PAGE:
JEFFERSON — As previously reported by the Ashe Post & Times, some short-term rentals in Ashe County have been restricted. The towns of West Jefferson and Lansing made the decision to limit short-term rentals as a preventative measure, which went into effect March 26 at 5 p.m., to help slow the spread of COVID-19.
The new amendment to Ashe County’s State of Emergency Declaration, announced March 22, was added in an effort to reduce non-essential travel to Ashe County by non-residents.
The goal of the reduction in travel by non-residents to Ashe is to ultimately slow the speed of transmission locally and to reduce stress on our medical facilities, emergency services and other local resources.
“We want the community to know that we took great care in coming to this decision. We understand fully that this decision will impact some of our property owners financially, however this decision was made here in Ashe, by the people of Ashe, and with the best interest of our community at heart. Limiting short term rentals to protect our citizens from this pandemic is the right call for the moment and we will constantly evaluate the situation in order to lift this restriction the moment we can do so safely and responsibly,” Ashe County Board of Commissioners Chairman Todd McNeill said.
These new restrictions include the towns of West Jefferson and Lansing and are applicable to hotels, motels, resorts, inns, guest houses, bed and breakfasts, campgrounds, RV parks, vacation cabins and home rentals. Applicable to the amendment are rentals or leases by services like, Air-BNB, Homeaway, VRBO and other rental programs where leases are for less than 60 days in duration.
4 Seasons Vacation Rentals and Sales Owner and Broker Sherrie Edwards said that if there was a time of year to shut down vacation rentals, it was now.
“It is normally our slow time anyway. March is our slowest month of vacation rentals, April being the second-slowest month,” Edwards said. “What we have seen is a huge spike in the number of owners coming to use their second home in the county, or owners’ friends coming to use their homes.”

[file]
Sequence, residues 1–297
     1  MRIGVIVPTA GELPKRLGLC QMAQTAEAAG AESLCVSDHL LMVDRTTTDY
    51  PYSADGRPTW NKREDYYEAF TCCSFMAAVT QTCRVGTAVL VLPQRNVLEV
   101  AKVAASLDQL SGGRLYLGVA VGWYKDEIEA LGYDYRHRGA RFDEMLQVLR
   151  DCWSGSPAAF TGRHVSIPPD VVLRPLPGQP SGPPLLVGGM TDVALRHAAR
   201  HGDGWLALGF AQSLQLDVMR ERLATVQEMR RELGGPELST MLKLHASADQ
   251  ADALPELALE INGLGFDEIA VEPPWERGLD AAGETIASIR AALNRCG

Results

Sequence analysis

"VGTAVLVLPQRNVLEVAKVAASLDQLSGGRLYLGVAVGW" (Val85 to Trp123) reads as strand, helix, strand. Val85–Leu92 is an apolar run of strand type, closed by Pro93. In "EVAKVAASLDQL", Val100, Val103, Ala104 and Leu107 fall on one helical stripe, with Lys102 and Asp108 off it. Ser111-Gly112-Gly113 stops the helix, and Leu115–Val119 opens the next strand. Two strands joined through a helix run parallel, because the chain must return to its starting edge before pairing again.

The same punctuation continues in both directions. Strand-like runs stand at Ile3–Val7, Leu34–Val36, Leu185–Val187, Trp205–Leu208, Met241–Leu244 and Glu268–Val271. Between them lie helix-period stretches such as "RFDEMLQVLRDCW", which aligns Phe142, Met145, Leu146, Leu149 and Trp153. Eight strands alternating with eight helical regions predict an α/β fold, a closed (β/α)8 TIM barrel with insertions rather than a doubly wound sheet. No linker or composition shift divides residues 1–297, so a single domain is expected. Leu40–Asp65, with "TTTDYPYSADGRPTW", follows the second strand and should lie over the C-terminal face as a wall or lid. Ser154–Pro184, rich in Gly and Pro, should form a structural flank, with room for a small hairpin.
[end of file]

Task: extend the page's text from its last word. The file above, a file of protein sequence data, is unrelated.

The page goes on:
Edwards said she understood the decision, and it was understandable and important to decrease the risk of infection and the pressure it would put on Ashe Memorial Hospital.
These emergency measures, made in the interest of public health, supersede any previously-made reservations.
The town of Jefferson was not included in these new restrictions and according to Town Manager Cathy Howell, officials came to a consensus about not limiting short-term rentals.
“It’s not to be used as just a getaway, but they’ve got to have a place to stay when they come to the county and we can’t turn away people for that reason. Say they’ve got somebody sick or dying in the hospital or the nursing home and they don’t have a home that they can go to,” Howell said. “They need a place to be able to go to.”
According to Howell, hotels located in the town’s limits are following the Centers for Disease Control’s guidelines when cleaning rooms and they are keeping room limits within regulations.
It is important to note that these closures in West Jefferson and Lansing do not apply if a lease or extended overnight accommodation is rented due to work here in Ashe County for business, medical, construction, emergency services or other related services. In this situation, the employee staying at the lodging facility should have their employer provide their work-related identification badge or a letter from the employer stating the purpose of the work to be performed in Ashe County and the expected duration of the stay.
“We know there is great community concern about this pandemic, but we also know that the citizens of Ashe care about their neighbors and will do anything to protect each other. Making these sacrifices now is how we protect our friends and neighbors going forward,” Ashe County Emergency Management Coordinator Patty Gambill said.
“These additional actions by our local government officials are one additional tool towards lessening the impact of this virus on our community, especially now that NC has had its first recorded death attributed to COVID-19. We are grateful for their support of public health,” AppHealthCare Director Jennifer Greene added.